Maryland’s Agriculture Department received an additional $1.7 million through two different grant programs attached to EPA funding. These largely go to assisting farmers with implementing various practices that help limit the amount of nutrient and manure runoff into the bay. That money also supports nearly 21 nutrient management specialist positions at the University of Maryland’s Farming Cooperative Extension network.
Cuts to federal funding would also adversely affect some bay-related research done by UMD’s Center for Environmental Science, which has grant-funded employees working at the EPA’s Chesapeake Bay Program office on modeling, monitoring and data evaluation projects.
“Those (UMD) employees do a lot of work on the analysis and modeling, as well as communicating to the other states in the partnership what that (data) means,” said Dave Nemazie, chief of staff for the Maryland center. He explained that one of the EPA’s most important roles in Chesapeake restoration efforts is coordination. “They help build trust between the states in this partnership,” he added.
When considering the true impact of funding cuts in Maryland, what happens in other states in the program must be considered, bay advocates said.
“You’ve got to recognize that a lot of money that gets spent in Pennsylvania and New York benefits Maryland directly,” said Peter Marx, who worked at the EPA on Chesapeake Bay issues for 23 years and now manages federal affairs for the Choose Clean Water Coalition. “Fifty percent of the nitrogen that flows into the bay comes from outside of Maryland.”
If federal funds were eliminated or reduced, it would be up to the seven states that signed on to the Chesapeake Bay Program — Delaware, Maryland, Virginia, New York, Pennsylvania, West Virginia and the District of Columbia — to ante up to keep programs going.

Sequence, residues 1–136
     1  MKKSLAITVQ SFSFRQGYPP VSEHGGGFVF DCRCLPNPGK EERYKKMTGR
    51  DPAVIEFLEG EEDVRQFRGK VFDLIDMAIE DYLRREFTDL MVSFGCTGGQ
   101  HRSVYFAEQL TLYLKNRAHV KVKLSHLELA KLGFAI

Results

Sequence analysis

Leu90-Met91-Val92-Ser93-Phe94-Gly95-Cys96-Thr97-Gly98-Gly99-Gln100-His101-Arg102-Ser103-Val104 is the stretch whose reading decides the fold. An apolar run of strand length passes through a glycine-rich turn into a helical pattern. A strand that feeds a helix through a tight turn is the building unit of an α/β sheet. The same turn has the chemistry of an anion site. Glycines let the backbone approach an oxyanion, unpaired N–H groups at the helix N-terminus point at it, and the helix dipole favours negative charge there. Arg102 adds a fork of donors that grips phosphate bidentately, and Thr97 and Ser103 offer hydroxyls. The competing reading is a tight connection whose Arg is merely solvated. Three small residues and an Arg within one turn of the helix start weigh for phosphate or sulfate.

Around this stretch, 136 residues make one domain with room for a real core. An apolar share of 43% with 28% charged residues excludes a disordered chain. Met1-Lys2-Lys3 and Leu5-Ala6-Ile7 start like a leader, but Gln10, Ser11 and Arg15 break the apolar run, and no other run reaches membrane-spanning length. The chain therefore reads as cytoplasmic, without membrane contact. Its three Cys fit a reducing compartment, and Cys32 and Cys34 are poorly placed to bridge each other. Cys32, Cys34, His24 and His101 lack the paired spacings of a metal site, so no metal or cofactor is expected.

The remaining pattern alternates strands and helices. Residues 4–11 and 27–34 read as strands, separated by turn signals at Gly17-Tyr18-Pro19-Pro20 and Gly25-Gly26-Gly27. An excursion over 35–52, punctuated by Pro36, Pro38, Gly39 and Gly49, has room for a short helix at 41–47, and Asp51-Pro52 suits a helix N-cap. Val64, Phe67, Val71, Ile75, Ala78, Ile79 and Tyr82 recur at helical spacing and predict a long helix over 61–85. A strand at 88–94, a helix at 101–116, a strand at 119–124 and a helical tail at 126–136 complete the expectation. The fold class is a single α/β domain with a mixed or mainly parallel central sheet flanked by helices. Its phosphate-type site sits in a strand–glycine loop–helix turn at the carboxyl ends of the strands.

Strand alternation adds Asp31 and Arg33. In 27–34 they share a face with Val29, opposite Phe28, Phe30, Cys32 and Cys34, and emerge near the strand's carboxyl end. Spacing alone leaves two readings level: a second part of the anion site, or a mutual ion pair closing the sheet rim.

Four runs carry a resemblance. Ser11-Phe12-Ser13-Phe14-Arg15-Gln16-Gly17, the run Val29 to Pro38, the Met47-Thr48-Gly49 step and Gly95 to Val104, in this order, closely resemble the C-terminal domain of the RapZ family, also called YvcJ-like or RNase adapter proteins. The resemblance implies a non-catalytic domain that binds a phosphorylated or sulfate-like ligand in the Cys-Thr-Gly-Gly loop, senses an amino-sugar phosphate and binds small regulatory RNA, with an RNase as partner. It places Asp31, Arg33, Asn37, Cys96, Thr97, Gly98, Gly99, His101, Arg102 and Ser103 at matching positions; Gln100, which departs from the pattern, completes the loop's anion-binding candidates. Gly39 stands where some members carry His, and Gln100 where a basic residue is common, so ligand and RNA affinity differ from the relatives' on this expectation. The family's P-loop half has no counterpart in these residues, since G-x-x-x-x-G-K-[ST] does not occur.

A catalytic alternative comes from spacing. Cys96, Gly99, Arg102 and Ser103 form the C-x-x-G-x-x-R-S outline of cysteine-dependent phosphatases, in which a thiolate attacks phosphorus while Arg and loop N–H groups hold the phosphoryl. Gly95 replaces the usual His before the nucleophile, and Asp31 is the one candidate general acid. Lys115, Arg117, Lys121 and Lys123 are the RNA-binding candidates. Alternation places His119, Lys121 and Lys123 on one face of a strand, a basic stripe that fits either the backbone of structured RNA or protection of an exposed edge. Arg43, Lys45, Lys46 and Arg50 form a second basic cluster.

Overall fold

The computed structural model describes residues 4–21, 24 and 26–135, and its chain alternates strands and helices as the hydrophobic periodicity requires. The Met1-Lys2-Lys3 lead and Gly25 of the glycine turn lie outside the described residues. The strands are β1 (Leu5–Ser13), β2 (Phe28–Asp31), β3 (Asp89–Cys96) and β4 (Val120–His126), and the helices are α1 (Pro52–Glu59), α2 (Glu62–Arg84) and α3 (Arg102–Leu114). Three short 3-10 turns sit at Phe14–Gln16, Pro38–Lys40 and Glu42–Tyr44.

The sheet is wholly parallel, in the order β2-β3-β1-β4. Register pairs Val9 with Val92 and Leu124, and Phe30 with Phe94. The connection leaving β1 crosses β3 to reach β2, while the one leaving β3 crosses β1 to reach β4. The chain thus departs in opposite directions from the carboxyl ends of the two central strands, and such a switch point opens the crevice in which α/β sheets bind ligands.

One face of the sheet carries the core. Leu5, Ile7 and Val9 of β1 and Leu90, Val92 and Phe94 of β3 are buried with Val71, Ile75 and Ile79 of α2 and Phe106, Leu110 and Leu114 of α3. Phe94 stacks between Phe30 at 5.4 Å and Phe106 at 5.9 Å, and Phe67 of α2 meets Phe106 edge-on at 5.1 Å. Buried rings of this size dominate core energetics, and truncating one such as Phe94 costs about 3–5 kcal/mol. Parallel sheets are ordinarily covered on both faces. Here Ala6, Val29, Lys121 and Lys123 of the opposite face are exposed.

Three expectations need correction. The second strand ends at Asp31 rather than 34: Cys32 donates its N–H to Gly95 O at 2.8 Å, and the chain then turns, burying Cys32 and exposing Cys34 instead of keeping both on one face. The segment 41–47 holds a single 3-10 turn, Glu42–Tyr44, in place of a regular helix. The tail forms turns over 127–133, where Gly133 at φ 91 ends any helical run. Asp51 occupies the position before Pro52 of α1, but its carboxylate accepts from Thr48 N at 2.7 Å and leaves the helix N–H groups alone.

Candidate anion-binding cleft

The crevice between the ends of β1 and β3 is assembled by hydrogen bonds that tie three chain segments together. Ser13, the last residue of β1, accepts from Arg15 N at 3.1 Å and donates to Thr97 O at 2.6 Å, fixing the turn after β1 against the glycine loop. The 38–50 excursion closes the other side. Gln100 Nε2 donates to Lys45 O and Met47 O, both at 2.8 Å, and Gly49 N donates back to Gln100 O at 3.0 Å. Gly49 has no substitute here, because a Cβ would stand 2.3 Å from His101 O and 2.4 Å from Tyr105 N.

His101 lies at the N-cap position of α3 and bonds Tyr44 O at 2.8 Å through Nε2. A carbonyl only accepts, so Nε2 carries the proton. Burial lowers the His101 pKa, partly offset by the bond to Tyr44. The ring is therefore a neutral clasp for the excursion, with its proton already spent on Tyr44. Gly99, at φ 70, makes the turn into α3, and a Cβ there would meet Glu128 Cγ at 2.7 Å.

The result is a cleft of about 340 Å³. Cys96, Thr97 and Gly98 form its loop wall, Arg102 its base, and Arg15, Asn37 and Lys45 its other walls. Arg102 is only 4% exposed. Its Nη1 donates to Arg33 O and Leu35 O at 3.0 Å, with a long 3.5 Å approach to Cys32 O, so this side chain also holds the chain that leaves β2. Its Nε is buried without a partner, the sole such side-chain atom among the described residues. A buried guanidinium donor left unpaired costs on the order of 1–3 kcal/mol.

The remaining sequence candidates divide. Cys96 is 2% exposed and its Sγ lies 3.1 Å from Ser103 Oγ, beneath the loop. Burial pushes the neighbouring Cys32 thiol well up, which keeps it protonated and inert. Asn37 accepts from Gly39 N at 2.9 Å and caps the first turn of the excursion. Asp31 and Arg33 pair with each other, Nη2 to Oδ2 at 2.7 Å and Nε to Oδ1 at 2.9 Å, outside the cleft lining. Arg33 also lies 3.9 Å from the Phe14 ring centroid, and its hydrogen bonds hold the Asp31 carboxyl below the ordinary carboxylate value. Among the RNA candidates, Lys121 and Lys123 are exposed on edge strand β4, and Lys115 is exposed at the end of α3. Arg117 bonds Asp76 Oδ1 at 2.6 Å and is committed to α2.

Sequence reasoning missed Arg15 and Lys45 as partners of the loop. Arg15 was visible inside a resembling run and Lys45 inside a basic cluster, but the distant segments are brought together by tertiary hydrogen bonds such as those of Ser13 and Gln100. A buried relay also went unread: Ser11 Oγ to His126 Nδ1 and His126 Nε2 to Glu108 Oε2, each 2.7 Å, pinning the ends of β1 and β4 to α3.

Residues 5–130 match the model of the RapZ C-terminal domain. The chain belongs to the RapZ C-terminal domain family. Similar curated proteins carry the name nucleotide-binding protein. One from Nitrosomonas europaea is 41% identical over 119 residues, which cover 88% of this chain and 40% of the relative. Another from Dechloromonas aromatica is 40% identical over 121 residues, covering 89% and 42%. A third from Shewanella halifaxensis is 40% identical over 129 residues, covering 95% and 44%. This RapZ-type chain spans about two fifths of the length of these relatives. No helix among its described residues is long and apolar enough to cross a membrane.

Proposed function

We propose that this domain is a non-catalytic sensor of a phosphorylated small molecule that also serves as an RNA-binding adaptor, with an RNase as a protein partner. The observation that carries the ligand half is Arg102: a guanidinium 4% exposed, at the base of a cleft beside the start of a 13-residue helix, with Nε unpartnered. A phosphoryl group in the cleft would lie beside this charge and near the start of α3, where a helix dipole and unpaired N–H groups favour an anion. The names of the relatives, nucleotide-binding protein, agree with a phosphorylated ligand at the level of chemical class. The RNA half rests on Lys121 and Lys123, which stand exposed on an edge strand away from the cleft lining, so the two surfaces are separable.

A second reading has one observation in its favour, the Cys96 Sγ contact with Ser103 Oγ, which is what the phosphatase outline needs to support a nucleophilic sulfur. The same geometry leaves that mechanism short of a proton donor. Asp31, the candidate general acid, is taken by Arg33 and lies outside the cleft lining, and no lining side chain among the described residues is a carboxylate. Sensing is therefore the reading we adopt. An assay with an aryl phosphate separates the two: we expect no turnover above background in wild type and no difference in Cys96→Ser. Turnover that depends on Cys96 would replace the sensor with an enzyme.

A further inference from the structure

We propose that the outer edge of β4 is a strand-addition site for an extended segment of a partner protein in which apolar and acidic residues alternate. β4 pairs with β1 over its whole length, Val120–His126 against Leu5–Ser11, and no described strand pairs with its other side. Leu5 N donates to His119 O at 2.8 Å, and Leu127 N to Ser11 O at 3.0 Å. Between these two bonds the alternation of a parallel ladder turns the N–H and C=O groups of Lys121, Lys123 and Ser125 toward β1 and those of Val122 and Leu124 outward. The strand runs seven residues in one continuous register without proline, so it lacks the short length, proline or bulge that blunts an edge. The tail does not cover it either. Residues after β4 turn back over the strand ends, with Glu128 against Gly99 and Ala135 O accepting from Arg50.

In Maryland, which operates under an executive budget, the governor is the only person with the authority to spend more money when the legislature is not in session.
To date, Republican Gov. Larry Hogan has not discussed the possibility of covering federal cuts to the Chesapeake Bay Program, according to Maryland Del. Kumar Barve, D-Montgomery County, who chairs the House Environment and Transportation Committee.
When asked if the governor was prepared to make up a shortfall in EPA funding, Hogan’s office responded in part with the following: “The governor has repeatedly made it clear he will always fight for the Chesapeake Bay and that he opposes potential cuts at the federal level.”
Barve said he thinks Hogan and others are banking on Maryland’s congressional delegation to restore funding, adding that it might be strategic to play the waiting game.
“If we’re too quick to put up the money, then the federal government will definitely do nothing and it’s not acceptable for the federal government to do nothing,” Barve said.
If Maryland does have make up for lost federal funds, Barve said, it would come at the expense of other state initiatives, like education, healthcare, economic development, “…all the things that we care about, we’re going to have to short change in order to make up for this very short-sighted decision by the Trump administration.”
Local climate groups including the Chesapeake Bay Foundation and the Choose Clean Water Foundation believe that full funding will be restored to the EPA’s bay program.
“I have a lot of confidence we’ll get the $73 million in the Senate,” Marx said. “This is how it played out the last four years. This is likely how it will play out again.”
And if it doesn’t?
“We’ve been working closely with other states and with the University of Maryland’s financing center to make sure we have funding streams, strategies to pick up the ball if federal funding is not restored,” said Maryland Secretary of the Environment Ben Grumbles. But he declined to offer more details on how that would work.